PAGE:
This is my list of things
NOT to do.
Don't feed haylage; my
personal feeling is that haylage is too acid for horses and ponies and that it
may well contribute to Metabolic Syndrome.
Don't fit foam or rubber pads, or anything which is intended to make the horse
bear weight through the sole.. Any form of sole pressure is likely to increase
the animal's pain. Forcing the animal to stand on its soles can induce bruising
and abscessation which is unneccesary and inhumane. Instead use TLC Frog Supports,
they provide cushioning comfortable support in the part of the foot which is not
painful and in a position which supports the remaining laminae.
Don't make or allow the horse to walk. Exercise was thought to be beneficial by
increasing the blood flow to the foot. There is already a tremendous increase
in the blood flow to the foot but there is little or no perfusion of the dermal
laminae. No amount of exercise will improve this situation and may well mechanically
tear the remaining laminae thereby worsening the founder.
Don't allow anyone to give the animal any drugs containing corticosteroids or
use any tests which involve either the use of dexamethasone or ACTH.
Don't remove the shoes (other than to fit heart bar shoes) if the animal has a
flat or convex sole. It will be more uncomfortable having to stand on it's sole.
Better to fit TLC Frog Supports whether the animal is shod or unshod.
Don't starve the animal. Feed according to the animals bodily condition. Hay and
bran alone provide a poor diet for horses and ponies. If the animal needs to be
dieted do so gradually using a combination of alfalfa chop, straw chop, soaked
sugar beet, hay and
Beware of rapidly dieting very fat or pregnant ponies, they may develop hyperlipidaemia
which is often more serious than the original laminitis.
Don't remove large amounts of heel from acute founder cases, (including chronic
founder type 1 cases suffering a secondary acute founder attack). this increases
the tension in the deep digital flexor tendon and may result in more 'rotation'.
First test by placing a wedge (equivalent
in height to the amount of heel to be removed) beneath the toe of the foot and
raise the contra-lateral limb. If the animal is more uncomfortable of if a depression
appears at the dorsal coronary band, leave the heel alone.
Don't take non-weight bearing
radiographs, they are of little diagnostic value.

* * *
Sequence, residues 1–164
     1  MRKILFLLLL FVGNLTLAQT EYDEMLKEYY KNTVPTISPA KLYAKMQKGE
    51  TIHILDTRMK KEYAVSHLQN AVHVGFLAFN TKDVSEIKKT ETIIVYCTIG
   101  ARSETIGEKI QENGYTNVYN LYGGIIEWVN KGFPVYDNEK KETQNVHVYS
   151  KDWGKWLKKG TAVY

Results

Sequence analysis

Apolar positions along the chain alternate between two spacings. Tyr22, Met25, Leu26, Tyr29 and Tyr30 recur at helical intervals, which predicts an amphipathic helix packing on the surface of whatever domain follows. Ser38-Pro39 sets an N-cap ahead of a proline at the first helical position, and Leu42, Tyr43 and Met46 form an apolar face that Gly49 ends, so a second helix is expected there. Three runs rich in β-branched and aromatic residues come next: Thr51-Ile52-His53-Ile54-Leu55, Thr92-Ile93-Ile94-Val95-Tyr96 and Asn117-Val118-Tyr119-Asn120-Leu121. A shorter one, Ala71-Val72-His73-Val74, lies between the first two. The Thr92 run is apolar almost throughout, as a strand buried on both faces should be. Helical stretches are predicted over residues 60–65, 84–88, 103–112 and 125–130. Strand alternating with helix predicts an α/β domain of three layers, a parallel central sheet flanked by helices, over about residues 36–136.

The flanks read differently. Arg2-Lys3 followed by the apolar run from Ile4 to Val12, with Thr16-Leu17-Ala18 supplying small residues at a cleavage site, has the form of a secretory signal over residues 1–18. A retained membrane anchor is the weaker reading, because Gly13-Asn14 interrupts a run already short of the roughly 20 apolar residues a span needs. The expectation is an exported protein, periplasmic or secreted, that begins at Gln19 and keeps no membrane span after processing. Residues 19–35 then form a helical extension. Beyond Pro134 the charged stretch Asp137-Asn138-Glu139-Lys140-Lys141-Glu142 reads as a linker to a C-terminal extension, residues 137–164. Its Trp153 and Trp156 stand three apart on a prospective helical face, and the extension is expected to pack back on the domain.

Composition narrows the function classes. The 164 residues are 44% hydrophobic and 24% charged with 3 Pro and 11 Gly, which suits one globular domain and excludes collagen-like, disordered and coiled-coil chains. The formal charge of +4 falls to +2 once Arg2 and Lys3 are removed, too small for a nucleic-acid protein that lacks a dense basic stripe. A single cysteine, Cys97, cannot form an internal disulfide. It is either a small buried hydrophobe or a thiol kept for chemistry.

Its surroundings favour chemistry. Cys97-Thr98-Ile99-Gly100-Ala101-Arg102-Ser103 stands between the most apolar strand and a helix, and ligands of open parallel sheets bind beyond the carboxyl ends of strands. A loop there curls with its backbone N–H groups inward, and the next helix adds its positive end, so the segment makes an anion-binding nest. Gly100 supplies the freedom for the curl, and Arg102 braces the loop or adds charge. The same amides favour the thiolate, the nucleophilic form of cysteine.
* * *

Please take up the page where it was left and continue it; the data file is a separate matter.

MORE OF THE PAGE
Don't ask farriers to fit
heart bar shoes without you having taken radiographs using markers. Good farriers
will legitimately refuse to do so.
Don't forget to mark on
the frog where you placed the drawing pin. If the farrier cannot appreciate where
the pin was placed he is unable to fit the shoe.
Don't cut holes in the soles
of laminitis or acute founder cases. This will result in granulating solar corium
protruding through the hole which will be difficult to control. If there is sub-solar
fluid present effect drainage by entering the foot through the dorsal wall at
the level of the wall-sole junction. The horny sole is your biggest ally in treating
laminitis and acute founder.
Don't ask the farrier to
fit pads. You cannot evaluate the sole, the soles become wet due to trapped solar
evaporation. Any solar pressure will further compromise the blood flow within
the foot and cause pain.
Don't fight to fit nailed-on
shoes to horses in pain. There are effective glue-on alternatives available.
Don't keep giving NSAID's
(e.g. bute) if there is no improvement in the lameness. An acute laminitis case
that is in significant pain after 7 days probably requires a change in treatment
Don't nerve block the affected
feet in order to reduce the animal's pain. The animal will further mechanically
damage compromised laminae by walking on painless feet. Nerve blocks may affect
the neuronal control of digital arteriovenous anastomoses and potentiate digital
Don't hope that antibiotics
will help either 'gravel' or post-founder abscesses. They won't. Only when drainage
has been provided will the lameness improve. Antibiotics are only indicated in
foot infections if there is a developing cellulitis (infection going up the leg)
or there is bone infection (such cases have a bad prognosis).
Don't think that because
the movement of the distal phalanx has resulted in solar prolapse that is the
end of the horse's working life. It is the means by which prolapse has occurred
i.e., the amount of distal displacement which is important.